Lipids and lipoproteins during antihypertensive drug therapy. Comparison of doxazosin and atenolol in a randomized, double-blind trial: the Alpha Beta Canada Study.
A randomized double-blind trial comparing the alpha-adrenergic blocker doxazosin and the beta-adrenergic blocker atenolol was completed by 131 patients with mild to moderate hypertension. Blood pressure and fasting blood lipids were determined at baseline and 4, 12, and 24 weeks of treatment. At entry, plasma lipids and lipoproteins were similar in those patients randomized to doxazosin or atenolol. After 24 weeks of treatment with atenolol, there were significant (P < .05) decreases in high-density lipoprotein cholesterol (HDL-C) and increases in triglycerides and very-low-density triglycerides (VLDL-T). In contrast, doxazosin was associated with significant (P < .05) increases in HDL-C and decreases in triglycerides and VLDL-T. There were no significant differences in HDL apolipoprotein (apo) A-I or low-density lipoprotein apoB between the drugs, but atenolol decreased the ratio of HDL-C to apoA-I, and doxazosin increased this ratio, differences that were statistically significant (P < .002). Neither apoA-I nor apoB concentration at baseline nor apoE phenotype was predictive of the lipid responses during antihypertensive treatment with either drug. Thus, there are significant favorable changes in HDL-C, total triglycerides, and VLDL-T between patients with mild to moderate hypertension and normal plasma lipids when treated with the alpha-blocker doxazosin compared with the beta-blocker atenolol. Plasma lipid or apo concentrations were not predictive of their lipid response during antihypertensive therapy with either of these agents.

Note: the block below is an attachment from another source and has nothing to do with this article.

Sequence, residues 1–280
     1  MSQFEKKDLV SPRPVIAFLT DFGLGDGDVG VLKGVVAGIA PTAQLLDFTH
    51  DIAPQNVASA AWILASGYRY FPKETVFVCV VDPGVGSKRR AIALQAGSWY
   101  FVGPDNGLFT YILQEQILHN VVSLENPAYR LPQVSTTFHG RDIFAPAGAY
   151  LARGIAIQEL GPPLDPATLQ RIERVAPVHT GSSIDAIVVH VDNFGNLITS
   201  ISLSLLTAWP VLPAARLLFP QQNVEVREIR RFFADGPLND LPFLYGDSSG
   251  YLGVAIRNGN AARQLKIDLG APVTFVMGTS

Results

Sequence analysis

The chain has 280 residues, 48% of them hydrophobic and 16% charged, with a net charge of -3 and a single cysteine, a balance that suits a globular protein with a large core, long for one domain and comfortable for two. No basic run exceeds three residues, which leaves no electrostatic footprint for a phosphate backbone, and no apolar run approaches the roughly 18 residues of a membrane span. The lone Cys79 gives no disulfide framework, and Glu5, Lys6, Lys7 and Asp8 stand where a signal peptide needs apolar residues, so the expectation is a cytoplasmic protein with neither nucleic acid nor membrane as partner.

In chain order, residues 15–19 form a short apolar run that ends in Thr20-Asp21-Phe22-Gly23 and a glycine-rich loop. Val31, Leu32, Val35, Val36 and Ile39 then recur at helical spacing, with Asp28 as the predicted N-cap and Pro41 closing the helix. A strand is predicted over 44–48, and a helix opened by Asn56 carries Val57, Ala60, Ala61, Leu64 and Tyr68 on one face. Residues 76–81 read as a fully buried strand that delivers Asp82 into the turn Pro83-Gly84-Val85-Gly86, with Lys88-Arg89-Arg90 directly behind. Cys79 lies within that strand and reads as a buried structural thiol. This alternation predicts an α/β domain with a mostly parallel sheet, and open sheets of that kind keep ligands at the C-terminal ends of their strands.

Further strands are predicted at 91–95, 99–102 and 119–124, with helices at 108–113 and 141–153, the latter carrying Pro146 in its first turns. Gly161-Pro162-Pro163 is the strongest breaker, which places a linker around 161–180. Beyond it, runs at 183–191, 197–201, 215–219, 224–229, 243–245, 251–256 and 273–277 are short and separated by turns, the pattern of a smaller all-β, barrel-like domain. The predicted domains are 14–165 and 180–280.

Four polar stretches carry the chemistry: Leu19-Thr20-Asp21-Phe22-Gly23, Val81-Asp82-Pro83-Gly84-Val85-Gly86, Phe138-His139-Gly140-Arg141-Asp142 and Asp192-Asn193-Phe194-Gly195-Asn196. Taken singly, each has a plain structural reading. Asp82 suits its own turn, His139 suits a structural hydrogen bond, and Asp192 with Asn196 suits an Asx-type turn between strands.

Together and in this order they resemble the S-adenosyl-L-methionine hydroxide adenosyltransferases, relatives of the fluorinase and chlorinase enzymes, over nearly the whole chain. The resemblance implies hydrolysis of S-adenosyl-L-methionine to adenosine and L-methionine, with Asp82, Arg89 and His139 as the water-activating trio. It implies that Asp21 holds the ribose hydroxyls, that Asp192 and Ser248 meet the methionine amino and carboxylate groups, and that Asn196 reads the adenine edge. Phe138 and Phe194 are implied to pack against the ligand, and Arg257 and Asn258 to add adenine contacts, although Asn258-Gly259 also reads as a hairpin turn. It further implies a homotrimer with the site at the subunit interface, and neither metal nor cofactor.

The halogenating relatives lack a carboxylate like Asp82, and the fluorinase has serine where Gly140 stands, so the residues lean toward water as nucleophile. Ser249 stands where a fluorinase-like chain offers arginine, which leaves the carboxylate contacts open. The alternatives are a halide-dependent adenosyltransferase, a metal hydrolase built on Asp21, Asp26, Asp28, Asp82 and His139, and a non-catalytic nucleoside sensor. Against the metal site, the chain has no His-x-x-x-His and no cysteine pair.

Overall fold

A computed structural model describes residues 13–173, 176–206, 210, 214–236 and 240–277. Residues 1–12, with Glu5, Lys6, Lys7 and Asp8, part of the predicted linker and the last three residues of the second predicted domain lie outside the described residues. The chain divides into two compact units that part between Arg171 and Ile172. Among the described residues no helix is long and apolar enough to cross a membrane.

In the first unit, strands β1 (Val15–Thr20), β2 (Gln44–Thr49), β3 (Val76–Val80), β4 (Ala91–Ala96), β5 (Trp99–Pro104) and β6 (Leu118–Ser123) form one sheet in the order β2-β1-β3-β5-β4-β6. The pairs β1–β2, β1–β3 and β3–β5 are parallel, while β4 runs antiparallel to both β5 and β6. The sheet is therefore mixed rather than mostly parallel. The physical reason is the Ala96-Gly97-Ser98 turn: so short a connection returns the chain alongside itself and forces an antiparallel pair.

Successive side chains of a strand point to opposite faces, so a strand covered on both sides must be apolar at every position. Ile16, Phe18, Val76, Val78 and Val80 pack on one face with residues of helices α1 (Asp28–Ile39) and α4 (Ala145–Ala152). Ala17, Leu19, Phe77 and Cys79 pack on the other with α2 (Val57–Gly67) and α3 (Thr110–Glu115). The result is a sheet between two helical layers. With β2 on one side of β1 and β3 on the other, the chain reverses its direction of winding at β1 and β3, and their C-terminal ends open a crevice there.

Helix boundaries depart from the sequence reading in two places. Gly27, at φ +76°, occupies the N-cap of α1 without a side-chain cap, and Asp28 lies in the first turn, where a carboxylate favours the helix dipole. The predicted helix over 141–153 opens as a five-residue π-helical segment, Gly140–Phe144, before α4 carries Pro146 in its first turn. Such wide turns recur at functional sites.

- Copyright © 1994 by American Heart Association